I was born in a patriarchal society, into a conventional family with ordinary behaviors and average education. My mother was fifteen when her family arranged for her to marry my nineteen-year-old father; marriage was one way to keep his behavior in check.
My mother gave birth to me shortly after she turned sixteen—a child giving birth to a child, I always thought. I was raised in the midst of my parents’ teenage dreams and the uncertainty of their new adult lives. Memories became lost in the flow of life. This made us forget what had been and simply carry on moment to moment.
Each of us grows, and inside are the lost dreams and thwarted wishes of our mothers. You are the origin of her dreams’ demise. You are asked to rise to the appointed challenges because, in spite of being a woman, you will face this world and prove you are worthy to exist within it.
Girl after girl after girl was born, and the dreams of our mother broke around us, their shrapnel scattered and then reshaped into another dream far away from us—the dream of the male. The boy. No matter how abundant and well-bred girls may be, they can never make up for the absence of a boy.
As I grew up, this conflict left a crack in my identity. I was the eldest daughter, the one responsible for the long line of sisters that followed. Each time my mother gave birth to another girl, faces would frown and the sky’s colors would fade. Strangely, I didn’t see this disappointment in the males of the family. But the tears of my mother, the gossip of my grandmother, and the words of my neighbors haunted me. “It’s okay. May God compensate you.” Even the word mabrouk—congratulations—went unspoken. However, we girls continued to grow, one after the other, and we were treated with compassion.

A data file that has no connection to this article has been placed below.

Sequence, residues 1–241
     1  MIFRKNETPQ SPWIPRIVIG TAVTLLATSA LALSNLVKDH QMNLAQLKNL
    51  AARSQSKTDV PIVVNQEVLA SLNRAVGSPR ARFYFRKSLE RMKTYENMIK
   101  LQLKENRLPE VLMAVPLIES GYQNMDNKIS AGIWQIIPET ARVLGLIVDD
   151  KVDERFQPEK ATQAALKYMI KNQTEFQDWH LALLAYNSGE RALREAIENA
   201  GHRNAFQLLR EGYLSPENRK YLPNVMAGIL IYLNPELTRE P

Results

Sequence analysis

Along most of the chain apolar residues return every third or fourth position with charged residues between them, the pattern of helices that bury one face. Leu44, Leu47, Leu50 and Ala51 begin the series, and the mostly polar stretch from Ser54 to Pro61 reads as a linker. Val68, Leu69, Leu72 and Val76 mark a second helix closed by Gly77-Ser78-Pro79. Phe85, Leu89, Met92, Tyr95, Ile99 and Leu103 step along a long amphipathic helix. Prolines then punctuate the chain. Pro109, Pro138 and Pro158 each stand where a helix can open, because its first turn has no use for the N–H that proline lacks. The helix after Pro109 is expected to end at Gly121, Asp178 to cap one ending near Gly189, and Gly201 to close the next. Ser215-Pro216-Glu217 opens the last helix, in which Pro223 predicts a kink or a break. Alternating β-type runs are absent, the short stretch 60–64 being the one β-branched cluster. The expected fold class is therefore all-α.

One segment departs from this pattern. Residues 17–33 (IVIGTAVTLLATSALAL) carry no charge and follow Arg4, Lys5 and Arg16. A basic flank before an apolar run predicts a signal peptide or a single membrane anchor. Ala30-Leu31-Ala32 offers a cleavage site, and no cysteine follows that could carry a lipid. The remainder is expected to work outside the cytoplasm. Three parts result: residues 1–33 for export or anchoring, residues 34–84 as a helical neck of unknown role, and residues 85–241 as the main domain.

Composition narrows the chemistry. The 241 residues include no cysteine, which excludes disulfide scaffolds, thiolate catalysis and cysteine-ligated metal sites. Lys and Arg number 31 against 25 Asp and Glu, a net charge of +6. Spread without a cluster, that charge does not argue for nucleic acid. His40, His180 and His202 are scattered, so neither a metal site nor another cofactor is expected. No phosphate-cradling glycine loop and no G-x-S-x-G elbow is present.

My memories of my father during my childhood are limited. He was a workaholic, too busy providing a life my mother insisted should be better. She would not accept the idea of sending us to public school, despite the fact that we were girls. Instead, we were sent to expensive private schools that only the rich and highly educated could attend.
Though my grandfather was a tyrant, he invested in our education, as he had done for our aunts before us. Perhaps he had done the same for the boys as well, but his sons were not as diligent as his daughters. One of my aunts attended college in Egypt in the 1960s, and my youngest aunt, who is not much older than me, went to a private school, the same school my sisters and I would later attend.
I can’t say whether or not the school was a fundamental turning point in the formation of my character, or if my life changed there. The school community was completely different from that of my home environment. My classmates came mostly from elite, educated families, and their religious backgrounds varied. I had a more modest upbringing. Nevertheless, the fact that my parents could afford the expensive tuition for decades made my classmates assume we were rich.
From my father, I learned modesty and self-sufficiency. From my mother, I learned to face and overcome challenges. I lived my life by these qualities—modesty and richness, contentment and ambition. Still, there was always one thing I had to remember : I am a girl.
Behave like a man but remain a female. Be responsible and never forget that your strongest weapon is your beauty. Grow tired, strive, struggle, and resist, yet, of that one thing always remain aware: You are a woman. Your horizons are limited. Your mother keeps your freedom locked up, and your father holds the key. Your actions come with great responsibility. Any misstep is a black mark that will later reflect on your sisters. Never forget that your arrival was a good omen, but only conditionally. After all, seven more girls trailed behind you.